6. The ends are crossed over each other, then run diagonally upwards on the outside before being fed under the sides and out through the top set of eyelets (skip past two sets of eyelets).

Method 6: Tying the Bow

1. Straighten both ends of the lace. Bring the right end over the left, then the left over the right and through the loop. Tighten both ends. 

2. Take the right lace and construct a loop with your finger in between to keep it in place. In a circular motion, bring the left lace over and below the right.

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3. Finally, thread the left lace through the little loop. Pull firmly.

4. You have now laced your shoes!

What are laces shoes called?

The most well-known lace-up shoes are the oxford, derby, and blucher. The most frequent kind of shoe is lace-up. They are closed using a shoelace that is threaded via eyelets or lugs, as the name implies.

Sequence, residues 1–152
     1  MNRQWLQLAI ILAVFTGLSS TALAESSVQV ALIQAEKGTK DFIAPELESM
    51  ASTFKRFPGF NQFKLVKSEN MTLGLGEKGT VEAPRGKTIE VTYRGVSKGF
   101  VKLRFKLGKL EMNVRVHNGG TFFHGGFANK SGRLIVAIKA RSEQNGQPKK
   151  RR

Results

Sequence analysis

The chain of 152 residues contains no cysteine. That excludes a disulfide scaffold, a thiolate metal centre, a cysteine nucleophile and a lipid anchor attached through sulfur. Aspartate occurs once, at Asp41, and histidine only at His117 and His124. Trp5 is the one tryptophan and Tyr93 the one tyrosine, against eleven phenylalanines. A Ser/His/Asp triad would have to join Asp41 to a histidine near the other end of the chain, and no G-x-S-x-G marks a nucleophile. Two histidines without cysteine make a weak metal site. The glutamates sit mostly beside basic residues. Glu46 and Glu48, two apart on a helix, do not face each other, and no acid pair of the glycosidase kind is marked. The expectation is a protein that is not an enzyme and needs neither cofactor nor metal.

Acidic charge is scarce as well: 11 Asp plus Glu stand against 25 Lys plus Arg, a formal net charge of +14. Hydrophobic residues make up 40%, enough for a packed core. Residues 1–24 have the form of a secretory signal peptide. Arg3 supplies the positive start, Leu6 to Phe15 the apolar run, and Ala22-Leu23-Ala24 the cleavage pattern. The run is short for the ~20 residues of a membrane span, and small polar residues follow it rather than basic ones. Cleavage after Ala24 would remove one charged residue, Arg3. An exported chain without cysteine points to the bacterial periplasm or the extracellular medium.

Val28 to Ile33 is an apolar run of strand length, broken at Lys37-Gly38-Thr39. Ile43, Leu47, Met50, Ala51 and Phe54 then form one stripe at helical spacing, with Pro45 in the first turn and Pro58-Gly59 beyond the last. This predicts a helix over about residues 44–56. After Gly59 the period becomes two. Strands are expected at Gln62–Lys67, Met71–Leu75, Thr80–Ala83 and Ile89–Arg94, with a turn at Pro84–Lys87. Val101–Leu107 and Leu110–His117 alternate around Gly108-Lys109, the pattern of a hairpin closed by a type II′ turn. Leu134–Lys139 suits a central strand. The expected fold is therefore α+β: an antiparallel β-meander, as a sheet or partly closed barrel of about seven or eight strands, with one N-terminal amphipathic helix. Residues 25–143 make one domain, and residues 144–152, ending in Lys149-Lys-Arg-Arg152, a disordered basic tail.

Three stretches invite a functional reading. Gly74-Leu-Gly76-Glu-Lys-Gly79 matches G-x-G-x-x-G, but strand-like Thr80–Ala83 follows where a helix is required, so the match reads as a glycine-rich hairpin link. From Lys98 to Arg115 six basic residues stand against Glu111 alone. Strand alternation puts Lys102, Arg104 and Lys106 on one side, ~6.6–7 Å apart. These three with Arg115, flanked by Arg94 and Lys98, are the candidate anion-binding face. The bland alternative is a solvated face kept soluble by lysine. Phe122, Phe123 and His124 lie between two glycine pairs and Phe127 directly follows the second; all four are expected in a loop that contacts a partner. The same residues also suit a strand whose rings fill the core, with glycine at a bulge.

How do you lace tennis shoes?

Across the tongue, then back in through the top of the other eyelet. Continue until you reach the loop in the tongue of certain sneakers, such as the Air Force 1/2.

How do you lace regular shoes?

Running across the bottom and out through the eyelet pin at the bottom. Take one end feed each time. It goes under the side and out the next higher eyelet. The other formation is the same.

How do you tie laces for beginners?

Out tiny fingers go beneath the pencil grip, shut them, and squeeze the grip. Over grasp, roll off, and pull really tight. If it doesn’t remain closed like this, let’s attempt a double knot.

How do you lace a shoe without a tie?

To do this, all you need to do is put on your shoes. And then tie the laces as normal. Then you just pull the laces beneath. Remove the tongue from your shoes.

What are the shoes without laces called?

Slip-ons are often low-heeled, lace-free shoes. The most typical type, known as a loafer or slippers in American culture, is of moccasin construction.